In whatever way men resort to me do I thus reward them. It is my path which men follow everywhere (4:11).
For us raised in the “light that is darkness” of Western religion, every verse of the Gita is a revelation of stunning proportions. Certainly this is one of the most revelatory of them all–it opens vistas that free and expand the heart as we never dreamed possible. Let us continually look at them and rejoice in them. For Sanatana Dharma is not a dose of medicine or a contract of obligation, it is the key that unlocks our shackles, the light that dispels darkness and reveals the wonders of the way things are.
In whatever way men resort to me do I thus reward them. Bhajami basically means “I reward,” but it can legitimately be translated “I share with” and “I love.” In other words, however we may approach God, he will respond and fulfill our spiritual needs, loving us as his own being. It is all a matter of the disposition of our inmost mind and heart. Many people think they are seeking God, and many more tell others that they are seeking, but God truly knows, and responds–or not–accordingly. What is so heartening here is that however God is approached, he responds. Since we are incapable of meeting him on his own terms, he meets us on ours, and enables us to come up to his standards in time. For his motive is love. Those religionists whose motive is hate, greed, and ego, say otherwise, but that is their problem. While they are trying to beat others into conformity and submission to them, God’s truth sets their victims free from such tyranny.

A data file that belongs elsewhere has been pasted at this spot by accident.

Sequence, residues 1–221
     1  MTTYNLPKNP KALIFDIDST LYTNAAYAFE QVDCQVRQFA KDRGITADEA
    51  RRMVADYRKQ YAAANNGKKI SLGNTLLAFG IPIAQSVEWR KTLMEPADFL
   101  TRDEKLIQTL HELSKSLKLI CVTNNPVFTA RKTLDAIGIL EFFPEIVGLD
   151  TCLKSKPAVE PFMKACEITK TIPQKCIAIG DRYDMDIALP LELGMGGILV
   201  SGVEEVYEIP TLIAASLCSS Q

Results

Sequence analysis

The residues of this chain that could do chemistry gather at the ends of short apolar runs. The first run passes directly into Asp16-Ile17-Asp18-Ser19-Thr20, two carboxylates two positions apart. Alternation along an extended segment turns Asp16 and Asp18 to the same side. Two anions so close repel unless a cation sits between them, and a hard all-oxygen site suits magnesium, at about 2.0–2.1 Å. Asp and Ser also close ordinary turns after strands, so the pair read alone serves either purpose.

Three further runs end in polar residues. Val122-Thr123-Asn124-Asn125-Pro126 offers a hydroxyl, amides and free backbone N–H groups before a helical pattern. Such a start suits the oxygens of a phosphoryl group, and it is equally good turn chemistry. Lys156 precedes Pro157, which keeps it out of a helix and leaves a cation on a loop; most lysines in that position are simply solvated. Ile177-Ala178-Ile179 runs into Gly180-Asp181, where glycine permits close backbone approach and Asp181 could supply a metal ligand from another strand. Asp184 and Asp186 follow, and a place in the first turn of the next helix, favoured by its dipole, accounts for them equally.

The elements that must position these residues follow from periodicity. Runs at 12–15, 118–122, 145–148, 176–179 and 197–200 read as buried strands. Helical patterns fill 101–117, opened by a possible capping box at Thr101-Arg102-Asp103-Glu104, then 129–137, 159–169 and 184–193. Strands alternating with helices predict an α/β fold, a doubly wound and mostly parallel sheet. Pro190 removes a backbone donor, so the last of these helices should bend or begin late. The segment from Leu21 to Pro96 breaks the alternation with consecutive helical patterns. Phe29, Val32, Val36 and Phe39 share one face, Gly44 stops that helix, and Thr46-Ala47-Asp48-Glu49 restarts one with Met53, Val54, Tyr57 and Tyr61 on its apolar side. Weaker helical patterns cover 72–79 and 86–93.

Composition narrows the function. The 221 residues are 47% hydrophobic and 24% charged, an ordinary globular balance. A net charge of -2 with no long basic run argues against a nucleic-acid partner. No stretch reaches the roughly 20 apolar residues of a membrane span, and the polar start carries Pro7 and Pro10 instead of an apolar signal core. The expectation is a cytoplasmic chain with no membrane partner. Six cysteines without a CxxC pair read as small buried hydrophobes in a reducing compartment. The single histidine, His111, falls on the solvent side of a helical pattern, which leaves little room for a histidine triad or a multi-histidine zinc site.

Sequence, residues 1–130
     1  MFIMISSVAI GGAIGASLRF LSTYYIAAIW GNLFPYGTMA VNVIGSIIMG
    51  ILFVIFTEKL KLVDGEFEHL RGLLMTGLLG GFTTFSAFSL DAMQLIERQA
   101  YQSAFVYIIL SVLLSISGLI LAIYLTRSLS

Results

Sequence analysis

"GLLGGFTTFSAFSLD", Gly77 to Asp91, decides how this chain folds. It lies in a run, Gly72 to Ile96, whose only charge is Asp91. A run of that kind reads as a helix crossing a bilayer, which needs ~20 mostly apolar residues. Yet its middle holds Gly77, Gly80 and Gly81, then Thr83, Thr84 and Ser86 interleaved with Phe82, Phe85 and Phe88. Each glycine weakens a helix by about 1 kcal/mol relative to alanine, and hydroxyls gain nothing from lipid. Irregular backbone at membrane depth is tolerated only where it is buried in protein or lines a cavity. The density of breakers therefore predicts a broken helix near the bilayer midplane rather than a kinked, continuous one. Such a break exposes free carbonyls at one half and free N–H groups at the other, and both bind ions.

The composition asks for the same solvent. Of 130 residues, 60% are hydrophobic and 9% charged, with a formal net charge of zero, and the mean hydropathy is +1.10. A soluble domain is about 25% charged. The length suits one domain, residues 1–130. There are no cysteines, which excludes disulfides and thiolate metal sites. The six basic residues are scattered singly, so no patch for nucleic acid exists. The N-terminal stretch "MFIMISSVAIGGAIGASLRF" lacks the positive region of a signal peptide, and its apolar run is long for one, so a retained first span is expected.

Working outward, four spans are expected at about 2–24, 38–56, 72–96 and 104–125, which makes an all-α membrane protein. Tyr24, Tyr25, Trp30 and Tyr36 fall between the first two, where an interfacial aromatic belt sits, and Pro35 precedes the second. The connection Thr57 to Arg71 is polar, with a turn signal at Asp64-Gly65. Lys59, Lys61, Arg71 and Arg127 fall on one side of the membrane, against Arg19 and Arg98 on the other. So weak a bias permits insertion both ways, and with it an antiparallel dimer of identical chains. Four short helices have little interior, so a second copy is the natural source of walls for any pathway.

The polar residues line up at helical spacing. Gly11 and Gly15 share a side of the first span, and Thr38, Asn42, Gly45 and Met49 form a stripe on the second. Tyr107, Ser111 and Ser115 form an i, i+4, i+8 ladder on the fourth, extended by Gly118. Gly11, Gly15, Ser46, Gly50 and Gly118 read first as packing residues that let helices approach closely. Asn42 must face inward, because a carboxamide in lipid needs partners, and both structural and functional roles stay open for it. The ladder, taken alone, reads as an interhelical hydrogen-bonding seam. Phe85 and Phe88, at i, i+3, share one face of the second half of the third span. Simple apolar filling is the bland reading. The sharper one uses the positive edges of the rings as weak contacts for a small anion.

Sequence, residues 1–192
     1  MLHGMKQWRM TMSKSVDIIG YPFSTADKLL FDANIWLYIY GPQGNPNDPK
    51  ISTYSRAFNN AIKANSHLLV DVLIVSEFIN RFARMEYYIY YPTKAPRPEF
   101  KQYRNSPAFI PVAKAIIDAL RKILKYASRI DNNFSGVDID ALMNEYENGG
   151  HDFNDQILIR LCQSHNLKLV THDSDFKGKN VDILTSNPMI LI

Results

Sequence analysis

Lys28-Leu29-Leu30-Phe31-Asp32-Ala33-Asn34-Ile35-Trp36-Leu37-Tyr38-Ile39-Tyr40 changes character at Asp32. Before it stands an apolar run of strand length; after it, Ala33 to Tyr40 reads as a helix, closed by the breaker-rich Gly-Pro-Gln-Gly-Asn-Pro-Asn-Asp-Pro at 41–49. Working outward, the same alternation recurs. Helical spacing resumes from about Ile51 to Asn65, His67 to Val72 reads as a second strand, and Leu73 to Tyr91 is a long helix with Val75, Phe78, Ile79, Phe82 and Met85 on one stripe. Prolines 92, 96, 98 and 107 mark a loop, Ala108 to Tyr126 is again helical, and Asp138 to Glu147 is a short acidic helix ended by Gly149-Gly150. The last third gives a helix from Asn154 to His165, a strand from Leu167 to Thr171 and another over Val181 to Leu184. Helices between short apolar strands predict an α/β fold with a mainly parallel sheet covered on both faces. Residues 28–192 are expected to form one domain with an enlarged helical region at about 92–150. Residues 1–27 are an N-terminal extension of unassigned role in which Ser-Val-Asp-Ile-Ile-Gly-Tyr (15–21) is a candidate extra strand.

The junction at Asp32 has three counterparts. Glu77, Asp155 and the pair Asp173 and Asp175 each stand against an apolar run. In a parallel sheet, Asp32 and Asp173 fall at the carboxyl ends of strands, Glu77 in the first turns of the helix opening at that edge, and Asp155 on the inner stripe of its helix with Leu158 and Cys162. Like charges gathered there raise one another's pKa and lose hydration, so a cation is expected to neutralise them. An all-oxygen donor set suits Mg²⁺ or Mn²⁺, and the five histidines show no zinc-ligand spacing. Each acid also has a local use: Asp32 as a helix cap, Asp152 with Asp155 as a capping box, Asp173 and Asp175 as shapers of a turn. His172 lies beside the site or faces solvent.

If we come seeking spiritual relief and healing, we will receive that. If we come seeking understanding, that will be given us. If we come yearning for living contact with God, that shall be ours. In other words, God will listen to the inmost movements of our hearts and grant any worth seeking. It is the character, the quality, of our taking refuge that will determine the outcome. No legitimate seeking is fruitless. It is not the form of the seeking, the externalities, that matter, but the interior intention and disposition of the heart that evokes the divine response and determines its character. Here, too, it is a matter of sowing and reaping.
It is my path which men follow everywhere. Of course! There is nothing other than God, and all relative existence is his manifestation/embodiment. So obviously there is no other path but his. Even Shakespeare knew this, saying: “There’s a divinity that shapes our ends, rough-hew them how we will.” However much we tangle things up and subvert our true nature, however horrific the mess of our life may be, yet we are walking on the One Path. The problem is, we walk the path in our manner, according to our arrogant (and errant) ignorance. Nevertheless, it is his path, and the moment we turn toward him, however blindly or uncomprehendingly, we will start to walk it in his way–a glorious way, for it ends in him. So we can say with Horatio, to whom Hamlet addressed the previous quote: “That is most certain.”